By Hank Inman
TIRE REVIEW Magazine
From professional and college football down to youth-league soccer, everyone has a “Top Something-or-other” list. Why should the tire industry be different?
Over the last year or so, Tire Rack has been conducting an informal and unscientific survey of its customers regarding the reoccurrence of issues dealing with tire pressure monitoring systems. Thanks to its wholesalers, service technicians and counter sales people in the field, just to name a few, Tire Rack developed a list of the Top Five most common TPMS questions.
“It wasn’t anything special,” says Scott Lakin, who is in charge of Tire Rack’s product applications and development. “We developed this in routine discussions with our customers primarily wholesalers who receive their feedback from technicians, service managers and counter sales people.”
Lakin and other experts at Tire Rack reviewed the questions and offered pertinent answers. With that as an entree, but with a quick disclaimer that there are likely more than five, here are Tire Rack’s current “Top Five” questions regarding TPMS:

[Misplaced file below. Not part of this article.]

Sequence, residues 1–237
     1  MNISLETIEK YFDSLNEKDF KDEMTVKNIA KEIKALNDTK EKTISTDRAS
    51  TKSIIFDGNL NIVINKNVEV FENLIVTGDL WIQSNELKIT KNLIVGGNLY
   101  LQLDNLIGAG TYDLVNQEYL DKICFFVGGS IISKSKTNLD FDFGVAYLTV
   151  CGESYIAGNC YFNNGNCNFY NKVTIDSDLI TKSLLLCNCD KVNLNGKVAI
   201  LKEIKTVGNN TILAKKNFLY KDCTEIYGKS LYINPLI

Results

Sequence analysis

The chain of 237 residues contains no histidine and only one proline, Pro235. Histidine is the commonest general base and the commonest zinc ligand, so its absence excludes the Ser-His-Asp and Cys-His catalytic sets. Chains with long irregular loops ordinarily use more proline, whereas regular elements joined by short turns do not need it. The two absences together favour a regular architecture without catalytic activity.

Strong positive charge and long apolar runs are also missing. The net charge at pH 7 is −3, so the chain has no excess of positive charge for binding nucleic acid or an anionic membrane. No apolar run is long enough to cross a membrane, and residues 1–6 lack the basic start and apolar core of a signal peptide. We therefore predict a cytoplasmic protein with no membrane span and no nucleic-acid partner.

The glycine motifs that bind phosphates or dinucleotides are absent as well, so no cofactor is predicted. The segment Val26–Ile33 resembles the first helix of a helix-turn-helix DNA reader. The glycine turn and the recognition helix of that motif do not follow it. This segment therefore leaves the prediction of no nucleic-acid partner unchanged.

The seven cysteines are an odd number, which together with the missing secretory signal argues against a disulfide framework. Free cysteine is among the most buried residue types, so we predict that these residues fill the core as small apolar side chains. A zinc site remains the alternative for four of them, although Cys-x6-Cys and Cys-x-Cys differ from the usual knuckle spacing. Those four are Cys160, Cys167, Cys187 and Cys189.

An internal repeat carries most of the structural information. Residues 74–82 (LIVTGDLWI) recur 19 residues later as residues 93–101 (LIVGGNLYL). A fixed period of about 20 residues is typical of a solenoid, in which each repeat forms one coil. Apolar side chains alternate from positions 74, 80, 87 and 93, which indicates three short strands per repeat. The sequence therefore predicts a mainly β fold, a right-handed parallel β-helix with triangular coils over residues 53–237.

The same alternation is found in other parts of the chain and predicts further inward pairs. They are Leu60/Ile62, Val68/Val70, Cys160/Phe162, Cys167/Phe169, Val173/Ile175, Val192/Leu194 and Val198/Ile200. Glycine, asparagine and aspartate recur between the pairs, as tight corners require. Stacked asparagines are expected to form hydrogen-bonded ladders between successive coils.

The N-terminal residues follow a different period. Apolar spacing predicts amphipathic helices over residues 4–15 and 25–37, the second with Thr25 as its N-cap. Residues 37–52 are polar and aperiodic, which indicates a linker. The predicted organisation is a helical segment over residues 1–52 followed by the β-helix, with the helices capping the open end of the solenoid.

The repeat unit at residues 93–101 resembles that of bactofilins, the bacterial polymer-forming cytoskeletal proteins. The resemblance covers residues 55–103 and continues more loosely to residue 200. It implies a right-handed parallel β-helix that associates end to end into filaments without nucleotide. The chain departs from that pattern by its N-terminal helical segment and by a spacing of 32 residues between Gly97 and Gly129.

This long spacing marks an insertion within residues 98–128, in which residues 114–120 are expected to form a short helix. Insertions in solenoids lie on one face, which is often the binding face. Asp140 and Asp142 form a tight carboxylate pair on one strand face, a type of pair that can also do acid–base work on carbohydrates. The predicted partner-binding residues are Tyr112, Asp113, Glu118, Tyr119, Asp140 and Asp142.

1. How do I reset my TPMS? (Lakin said this question was the most popular one, and not surprisingly has the most possible answers).
Answer: The first question should be: What kind of car are we dealing with? For example, a 2006 BMW M3 uses an indirect system, so it has one simple reset button. Once the tires are set to the correct pressure, the vehicle’s engine can be started, and then the reset button must be pushed for no longer than eight seconds. After the warning light turns off, the vehicle can be driven normally and the system will calibrate itself.
But not all indirect systems are alike.
A Buick Rendezvous must be driven at several specific speed ranges, including 74.5-plus mph for 10-20 minutes in a straight line after pressing multiple buttons and turning the ignition key on and off a few times. After receiving your speeding ticket in the Rendezvous, you can return to your shop and decipher how to register new sensors to a vehicle with a direct system.